Bowie: Loving the Alienby Christopher Sandford
Based on interviews with family members, colleagues, lovers, and the previously silent William Burroughs, this unsparing yet evenhanded biography guides the reader through the many personas, crises, and musical metamorphoses of David Bowiealso known as Davy Jones, the Laughing Gnome, Major Tom, Ziggy Stardust, Aladdin Sane, the Thin White Duke, a drug-addled
Based on interviews with family members, colleagues, lovers, and the previously silent William Burroughs, this unsparing yet evenhanded biography guides the reader through the many personas, crises, and musical metamorphoses of David Bowiealso known as Davy Jones, the Laughing Gnome, Major Tom, Ziggy Stardust, Aladdin Sane, the Thin White Duke, a drug-addled grandfather of punk, actor, art aficionado, political activist, one of rock's most resonant icons, and a totem of modern pop culture. Nowhere else is the man and musician so convincingly deconstructed and so compellingly humanized.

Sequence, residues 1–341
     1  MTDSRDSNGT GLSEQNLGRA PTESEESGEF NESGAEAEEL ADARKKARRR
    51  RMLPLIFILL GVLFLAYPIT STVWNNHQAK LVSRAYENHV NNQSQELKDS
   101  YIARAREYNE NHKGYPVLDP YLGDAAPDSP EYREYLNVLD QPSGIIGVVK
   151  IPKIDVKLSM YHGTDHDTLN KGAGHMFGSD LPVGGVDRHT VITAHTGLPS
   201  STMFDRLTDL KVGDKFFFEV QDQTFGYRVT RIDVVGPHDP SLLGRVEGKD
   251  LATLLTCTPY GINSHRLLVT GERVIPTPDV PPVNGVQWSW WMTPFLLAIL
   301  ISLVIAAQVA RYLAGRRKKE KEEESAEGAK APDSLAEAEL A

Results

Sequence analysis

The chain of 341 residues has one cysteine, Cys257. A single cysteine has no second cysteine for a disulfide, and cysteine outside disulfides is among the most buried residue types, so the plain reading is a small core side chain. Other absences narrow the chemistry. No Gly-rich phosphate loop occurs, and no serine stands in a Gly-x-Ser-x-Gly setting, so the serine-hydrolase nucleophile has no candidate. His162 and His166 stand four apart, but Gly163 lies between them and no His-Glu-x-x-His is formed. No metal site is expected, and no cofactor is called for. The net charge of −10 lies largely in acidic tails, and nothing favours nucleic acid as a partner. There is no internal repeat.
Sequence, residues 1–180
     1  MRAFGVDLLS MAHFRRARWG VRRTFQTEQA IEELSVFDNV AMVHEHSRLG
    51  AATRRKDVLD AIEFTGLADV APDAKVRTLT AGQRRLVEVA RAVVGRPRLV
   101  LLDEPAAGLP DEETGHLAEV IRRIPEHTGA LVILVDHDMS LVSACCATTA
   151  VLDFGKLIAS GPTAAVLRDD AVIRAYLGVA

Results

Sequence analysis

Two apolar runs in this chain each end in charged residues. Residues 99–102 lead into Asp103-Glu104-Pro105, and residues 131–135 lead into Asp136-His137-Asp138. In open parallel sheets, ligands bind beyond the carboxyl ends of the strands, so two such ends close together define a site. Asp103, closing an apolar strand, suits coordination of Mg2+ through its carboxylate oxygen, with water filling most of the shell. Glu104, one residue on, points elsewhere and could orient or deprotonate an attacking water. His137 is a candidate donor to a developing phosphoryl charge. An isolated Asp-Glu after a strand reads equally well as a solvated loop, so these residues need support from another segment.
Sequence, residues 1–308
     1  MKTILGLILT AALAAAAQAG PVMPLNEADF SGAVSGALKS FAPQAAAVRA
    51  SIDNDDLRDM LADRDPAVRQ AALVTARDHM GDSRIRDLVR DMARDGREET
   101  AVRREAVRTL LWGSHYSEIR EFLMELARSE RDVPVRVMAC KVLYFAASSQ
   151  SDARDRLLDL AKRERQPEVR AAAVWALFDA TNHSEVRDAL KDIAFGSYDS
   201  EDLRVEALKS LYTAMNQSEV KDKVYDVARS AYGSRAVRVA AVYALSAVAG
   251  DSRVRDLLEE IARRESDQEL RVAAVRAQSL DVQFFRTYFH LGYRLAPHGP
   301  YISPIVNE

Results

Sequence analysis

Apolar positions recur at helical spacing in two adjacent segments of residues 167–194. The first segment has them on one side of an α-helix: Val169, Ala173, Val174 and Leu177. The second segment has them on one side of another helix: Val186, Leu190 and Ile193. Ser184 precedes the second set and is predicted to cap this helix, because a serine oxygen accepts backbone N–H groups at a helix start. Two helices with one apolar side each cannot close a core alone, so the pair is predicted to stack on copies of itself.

- Da Capo Press
- Publication date:
- Product dimensions:
- 5.38(w) x 7.82(h) x 1.13(d)
Read an Excerpt
David Bowie was missing. Forty minutes away from his swansong as Ziggy Stardust, and he slipped through the mob into Hammersmith Broadway. He was wearing a check shirt and jeans and with his waxy, pale skin he looked like one of the teenage Bowie Boys posing hopefully at the stage door. Had anyone noticed him, they would have remembered only a bone-gaunt figure with dowdy clothes and elaborate hair, talking to a thirteen-year-old girl. No one noticed him.